Which sensory toys are worth buying, and who needs them? Do you have the kind of kid who would rather crash into your couch or jump off the coffee table than sit and play with traditional toys? I did (well, do) and I found that when I bought him “regular” toys to play with they either wound up collecting dust or just periodically dumped onto the floor and left. Anybody else have a toy bin dumper? Well, these 10 toys are not only a big hit over and over again, but they are also good for your little sensory seeker’s brain! One of my favorite parts as a mom with some tactile avoidance issues is they are not messy and there are no little pieces.
Disclaimer: I am not an Occupational Therapist, I’m a mom of a child with sensory processing disorder who is just a huge fan of what OT brings to enrich and change children’s lives. I encourage any parent of a child with sensory processing issues to add their local OT to their child’s care team and to also follow some OT accounts and hashtags on social media. Some of my favorites on Instagram are occupationaltherapyabc, brainconnextherapy, perthchildrensot, ilslearning, sensorydigest and totsontarget, but there are so many wonderful OT’s who are putting their knowledge out there to help parents and educators serve kids like ours. For an interview with one of our friendly local OT’s head over to this blog post.
Megan’s Top 10 Sensory Toys
- Disc swing
- Crash pad
- Body sock
- Wiggle cushion
- Balance board
- Tape (for obstacle courses)
- Bubble fidget
- Scoot board
1. Disc Swing
This is a common outside toy that really gives the vestibular system a good workout. If you have a big playroom, you could even put one inside for lounging or rainy days. The big disc swings are so versatile, you can try having your child lay on their belly or their back. Sometimes studying or reading can be easier on the swing (we used to study spelling words on the swing).
I know there must be some kids who do not like trampolines, but I have to say I have not had the pleasure of meeting one. Bouncing is wonderful proprioceptive input (our sense of where our body is in space, or the brain’s map of the body parts). You could get a big trampoline—one of my friends integrated a slide into theirs for extra fun—or a smaller indoor one. The small ones are great for rainy days or bouncing while watching TV.
Crawling is one of the most underrated infant activities. Even after infant hood it’s a great activity, especially for kids with sensory issues. Having trouble with word problems in math? Take a crawl break. Many tunnels are collapsable which makes them easy to store, and are lightweight, so even if you line your hallway with tunnels for your kids to crawl through, it’s easy for grownups to pass by. This is among the easiest sensory toys to make: string some dining room chairs together and you have an instant tunnel!
4. Crash pad
If you couch cushions could use a break, a crash pad is a great investment. You can make one by sewing two kind sized flat sheets together at the edges and stuffing it with chunks of foam. Do you have an aggressive hugger? Do you have a daredevil who jumps off of everything? A crash pad is fantastic for kids who need to crash!
5. Body sock
A lycra body sock has been one of the best investments in our house. It’s great for lounging or for activities to strengthen body awareness. The resistance of the lycra provides full body proprioceptive input. Of all the sensory toys listed here, this one is my favorite. Try doing some yoga in it!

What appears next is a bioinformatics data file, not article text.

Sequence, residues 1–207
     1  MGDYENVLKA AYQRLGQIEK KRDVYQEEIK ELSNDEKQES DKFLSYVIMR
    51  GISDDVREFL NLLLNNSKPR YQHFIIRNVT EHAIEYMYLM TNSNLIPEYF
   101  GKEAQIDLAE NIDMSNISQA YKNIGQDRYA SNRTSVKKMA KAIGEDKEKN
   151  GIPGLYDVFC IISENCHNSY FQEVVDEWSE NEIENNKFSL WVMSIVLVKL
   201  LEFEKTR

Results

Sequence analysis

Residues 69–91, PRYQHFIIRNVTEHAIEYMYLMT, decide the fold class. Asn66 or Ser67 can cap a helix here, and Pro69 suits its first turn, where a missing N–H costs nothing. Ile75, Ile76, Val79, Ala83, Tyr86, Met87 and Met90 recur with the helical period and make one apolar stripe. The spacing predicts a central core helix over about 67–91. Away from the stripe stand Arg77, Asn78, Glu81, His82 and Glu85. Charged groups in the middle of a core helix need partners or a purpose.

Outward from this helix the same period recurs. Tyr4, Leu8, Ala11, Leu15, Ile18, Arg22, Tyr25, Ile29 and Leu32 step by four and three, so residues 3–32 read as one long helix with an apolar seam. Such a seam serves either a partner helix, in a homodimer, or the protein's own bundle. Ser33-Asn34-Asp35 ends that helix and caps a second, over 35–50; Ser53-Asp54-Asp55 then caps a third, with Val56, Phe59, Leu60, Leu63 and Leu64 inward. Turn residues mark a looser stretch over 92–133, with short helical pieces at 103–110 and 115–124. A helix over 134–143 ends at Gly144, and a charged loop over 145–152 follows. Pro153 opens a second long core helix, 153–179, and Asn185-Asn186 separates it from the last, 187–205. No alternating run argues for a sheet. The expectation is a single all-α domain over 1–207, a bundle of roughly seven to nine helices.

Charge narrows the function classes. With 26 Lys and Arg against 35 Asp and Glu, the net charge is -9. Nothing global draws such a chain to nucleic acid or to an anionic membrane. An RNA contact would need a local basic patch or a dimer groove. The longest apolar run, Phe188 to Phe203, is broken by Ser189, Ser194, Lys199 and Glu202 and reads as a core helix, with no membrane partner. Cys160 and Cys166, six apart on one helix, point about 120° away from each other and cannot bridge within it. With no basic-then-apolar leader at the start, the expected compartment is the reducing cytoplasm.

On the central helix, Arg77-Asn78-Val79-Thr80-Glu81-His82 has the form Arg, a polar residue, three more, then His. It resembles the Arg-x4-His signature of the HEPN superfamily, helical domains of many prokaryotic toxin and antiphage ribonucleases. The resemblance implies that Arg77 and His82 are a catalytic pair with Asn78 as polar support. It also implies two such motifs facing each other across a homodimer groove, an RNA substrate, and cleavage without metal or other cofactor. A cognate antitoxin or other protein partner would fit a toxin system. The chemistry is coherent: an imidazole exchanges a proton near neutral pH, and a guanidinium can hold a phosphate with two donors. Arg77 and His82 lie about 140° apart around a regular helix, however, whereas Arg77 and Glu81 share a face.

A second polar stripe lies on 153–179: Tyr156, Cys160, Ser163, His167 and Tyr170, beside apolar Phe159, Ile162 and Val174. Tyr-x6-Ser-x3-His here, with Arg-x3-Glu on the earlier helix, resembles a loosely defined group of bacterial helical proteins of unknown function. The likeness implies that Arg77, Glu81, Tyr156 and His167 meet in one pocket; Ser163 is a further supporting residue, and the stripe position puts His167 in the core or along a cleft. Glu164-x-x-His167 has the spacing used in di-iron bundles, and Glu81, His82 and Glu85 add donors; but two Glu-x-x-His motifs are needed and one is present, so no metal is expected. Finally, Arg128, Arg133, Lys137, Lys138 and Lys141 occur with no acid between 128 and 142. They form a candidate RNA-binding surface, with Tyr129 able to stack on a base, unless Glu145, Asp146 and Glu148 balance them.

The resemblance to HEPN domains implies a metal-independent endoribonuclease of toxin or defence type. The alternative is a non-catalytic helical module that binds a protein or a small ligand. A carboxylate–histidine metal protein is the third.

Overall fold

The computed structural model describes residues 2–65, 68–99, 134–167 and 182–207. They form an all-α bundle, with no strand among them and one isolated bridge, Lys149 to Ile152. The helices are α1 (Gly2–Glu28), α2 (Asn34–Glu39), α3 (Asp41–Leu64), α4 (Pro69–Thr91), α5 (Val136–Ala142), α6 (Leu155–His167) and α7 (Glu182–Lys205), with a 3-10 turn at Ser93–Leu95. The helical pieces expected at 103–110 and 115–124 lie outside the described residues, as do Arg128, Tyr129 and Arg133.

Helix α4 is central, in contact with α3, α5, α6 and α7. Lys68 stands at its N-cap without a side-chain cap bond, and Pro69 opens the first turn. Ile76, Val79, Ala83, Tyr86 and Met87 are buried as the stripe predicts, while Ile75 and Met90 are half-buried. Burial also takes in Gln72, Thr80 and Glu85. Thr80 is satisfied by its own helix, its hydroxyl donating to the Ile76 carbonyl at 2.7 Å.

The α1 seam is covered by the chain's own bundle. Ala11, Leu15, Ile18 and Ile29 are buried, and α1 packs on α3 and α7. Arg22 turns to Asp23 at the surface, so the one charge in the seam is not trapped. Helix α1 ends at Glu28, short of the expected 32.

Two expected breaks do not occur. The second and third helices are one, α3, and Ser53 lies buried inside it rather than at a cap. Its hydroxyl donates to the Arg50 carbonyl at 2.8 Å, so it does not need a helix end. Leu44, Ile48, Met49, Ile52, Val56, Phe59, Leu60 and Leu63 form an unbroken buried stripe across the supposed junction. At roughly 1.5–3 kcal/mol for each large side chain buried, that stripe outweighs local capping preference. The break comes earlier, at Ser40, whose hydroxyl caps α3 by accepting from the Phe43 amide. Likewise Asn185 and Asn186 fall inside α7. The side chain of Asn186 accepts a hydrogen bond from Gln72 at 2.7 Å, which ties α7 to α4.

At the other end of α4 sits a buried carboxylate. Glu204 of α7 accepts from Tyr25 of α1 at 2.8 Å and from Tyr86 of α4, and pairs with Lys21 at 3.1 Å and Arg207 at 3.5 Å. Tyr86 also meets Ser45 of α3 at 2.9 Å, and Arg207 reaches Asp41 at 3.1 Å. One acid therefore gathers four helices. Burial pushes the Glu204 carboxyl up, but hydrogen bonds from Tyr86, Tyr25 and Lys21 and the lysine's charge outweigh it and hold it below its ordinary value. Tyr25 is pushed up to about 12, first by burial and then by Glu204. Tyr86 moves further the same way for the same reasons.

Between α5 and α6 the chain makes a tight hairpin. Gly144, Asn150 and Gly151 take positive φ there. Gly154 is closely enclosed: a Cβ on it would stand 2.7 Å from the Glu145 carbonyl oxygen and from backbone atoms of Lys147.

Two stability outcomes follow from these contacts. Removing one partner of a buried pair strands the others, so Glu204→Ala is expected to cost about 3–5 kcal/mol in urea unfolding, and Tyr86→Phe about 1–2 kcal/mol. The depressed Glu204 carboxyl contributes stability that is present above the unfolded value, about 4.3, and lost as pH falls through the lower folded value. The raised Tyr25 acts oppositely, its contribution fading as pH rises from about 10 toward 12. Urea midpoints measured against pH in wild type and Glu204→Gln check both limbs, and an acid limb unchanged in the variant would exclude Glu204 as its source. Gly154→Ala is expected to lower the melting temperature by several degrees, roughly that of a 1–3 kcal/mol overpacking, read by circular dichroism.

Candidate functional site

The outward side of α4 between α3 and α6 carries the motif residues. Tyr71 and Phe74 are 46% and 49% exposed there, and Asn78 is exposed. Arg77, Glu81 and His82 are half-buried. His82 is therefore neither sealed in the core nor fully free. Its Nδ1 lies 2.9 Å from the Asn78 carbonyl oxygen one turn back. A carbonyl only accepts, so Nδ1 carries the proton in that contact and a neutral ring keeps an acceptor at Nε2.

6. Wiggle Cushion
Our wiggle cushions have been with us since Kindergarten. From sitting on them at school, to the dinner table—sometimes you just need to wiggle! The activity of wiggling on the cushion strengthens your child’s core which can improve their posture and even their handwriting!
7. Balance board
I have to admit, this one is fun for me, too! There are so many different shapes and types of balance board to try! Similar to the wiggle cushion, working on the balance board is a great core strengthening activity and it’s something your child can do actively or passively.
Obstacle courses are king for doing at home therapeutic activities with your sensory seeker. You can tie together so many activities this way! You can tape down a sensory walk, tape down a figure 8 to walk, they even make road tape that your child can push their cars down while crawling along. Tape is super versatile.
9. Bubble fidget
This is among the latest sensory toys to “pop” up everywhere. It’s a fidget toy new to us, but it combines the fun of popping bubble wrap with the quiet of silicone. There’s something so satisfying about pushing down all the bubbles and then running your finger across the back to pop them all back up! My son’s OT plays a game with him where she hides a marble under 1 or more bubbles and he has to find them. For younger kids it’s great for working on 1-to-1 counting.
10. Scoot boards
Scoot boards are one of those toys that can grow with your child. They can ride on them outside before they’re old enough to ride a bike and can continue to do activities on them into older childhood, too. Got a toe walker? Using their heels to push and pull their body along on the scoot board can help send proprioceptive input up the back of their legs to their brain. Have them lay on their belly to work on hand, arm and shoulder strength.
Top 10 Sensory Toys Honorable mention: the yoga ball. My oldest is purely a sensory seeker, but my youngest has some tactile avoidance issues while also proprioceptive seeking. My go-tos, like joint squishes, were a little too intense for her, but she loves an activity we called “cookie dough” before bed. I have her lay on her belly and use the yoga ball to roll her out like cookie dough. It’s a great way to provide some more calm proprioceptive input before bed.